Making Sense

Now I see why I didn’t work last year.

Balancing School and work and family and friends is starting to get to me. It’s starting to get to nearly all of us, and we’ve already had one dropout due to it. The wind sings outside with the huge temptation to just sit and look at all of the beauty, and we put in earplugs or ear-buds to tune it out.  Oh well. It’s only till May, right?

On a slightly different note, I have a question for both patient and nurse(ing student).  In my last post, I mentioned a cardiac case study that I needed to have completed, and now’s the time people are required to post “peer responses” to them on the class discussion board.

Here’s the case with the specific question I’d like your input on:

You are the charge nurse working in a long term care center. Mabel is an 85 year old resident with a long history of congestive heart failure, a myocardial infarction 3 years ago, COPD, hypertension, and degenerative joint disease. Her medications include: furosemide 20 mg QD, enalapril maleate (Vasotec) 5 mg QD, digoxin 0.125 mg QD, KCL (potassium chloride) 40 mEq QD, and ibuprofen (Motrin) 200 mg QID. 

Today, Mabel (who is consistently alert and oriented x3) complains that she “just doesn’t feel right.” The nursing assistant reports that Mabel’s pulse is weak and irregular at 116 bpm and her skin feels cooler than usual. You go to her room for further assessment.

After reviewing the ECG, the physician decides that Mable is in atrial fibrillation. Mabel is again alert and oriented and her daughter is with her. 

6)    How would you explain atrial fibrillation to Mabel and her daughter?
Because the condition is being explained to those outside the medical field that are most likely frightened at this diagnosis, it is important to bring the explanation to their level of their understanding. An important thing to make sure of before explaining what afib is is to provide any education (if needed) on how the heart works – its parts, what they do, etc..

Atrial fibrillation is the fibrillation of the atria of the heart. Fibrillation resembles a sort of quivering. The heart rate is quick and irregular. This means that instead of moving all of the blood from the atria, the atria will have some significant pooling. The ventricals of the heart can beat more rapidly, causing the ventricals to have decreased filling. Because of this, there is a decreased cardiac output. (Iggy, 745)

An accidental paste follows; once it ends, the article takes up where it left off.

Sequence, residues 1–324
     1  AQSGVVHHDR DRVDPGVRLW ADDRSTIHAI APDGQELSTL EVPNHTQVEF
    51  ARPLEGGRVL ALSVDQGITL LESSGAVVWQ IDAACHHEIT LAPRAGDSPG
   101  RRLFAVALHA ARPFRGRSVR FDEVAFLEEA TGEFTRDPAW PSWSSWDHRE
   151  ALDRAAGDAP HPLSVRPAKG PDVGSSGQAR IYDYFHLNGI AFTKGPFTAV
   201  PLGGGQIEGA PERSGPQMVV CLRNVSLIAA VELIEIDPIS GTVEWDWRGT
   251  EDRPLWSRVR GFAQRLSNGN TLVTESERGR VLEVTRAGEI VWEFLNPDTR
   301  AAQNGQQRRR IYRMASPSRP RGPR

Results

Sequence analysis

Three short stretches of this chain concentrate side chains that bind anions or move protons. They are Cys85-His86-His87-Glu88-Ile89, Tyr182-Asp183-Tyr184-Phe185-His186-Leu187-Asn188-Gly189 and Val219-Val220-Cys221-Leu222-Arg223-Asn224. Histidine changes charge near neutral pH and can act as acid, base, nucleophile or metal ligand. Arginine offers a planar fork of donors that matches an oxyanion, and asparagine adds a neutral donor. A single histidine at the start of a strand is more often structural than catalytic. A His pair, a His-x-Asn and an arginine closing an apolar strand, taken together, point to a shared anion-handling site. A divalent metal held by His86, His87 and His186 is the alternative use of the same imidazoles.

Atrial fibrillation can be caused by many different things:

  •  High blood pressure (hypertension)
  •  Diabetes
  •  Congestive heart failure
  •  Valvular disease
  •  Male gender

We can assume that Mabel’s atrial fibrillation is due to her congestive heart failure.

Another important thing would be to discuss the treatment for atrial fibrillation.  But this education would probably be best provided when the doctor orders the treatment(s).

There is no offense implied in “bringing the explanation to their level.” I know that it would be difficult to have an explanation of something I didn’t understand in the most complicated unfamiliar jargon presented to me. I’m hoping that this part isn’t insulting anyone’s intelligence.

Now, some of the peer responses I’ve gotten back are saying that I should include things like how atrial fibrillation can increase Mabel’s chance of death, and stroke (she already has CHF). I didn’t add this at this time, quite frankly, because this was what I believed was the initial explanation.

But what do you think? Is this an explanation that is easy to understand or no? And, what should I add or take away from it to make it more beneficial for Mabel and her daughter?


(P.S. Don’t read into any incorrect form of grammar here . . . I didn’t exactly take the time to iron out all of the wrinkles.)



2 thoughts on “Making Sense

  1. Great to hear from you, Gertie! Here’s hoping that your program goes as smoothly as possible. :)

    Definitely keep in touch! It’s so nice to hear from other nursing students that are going through the same thing and having the same feelings about it. :)

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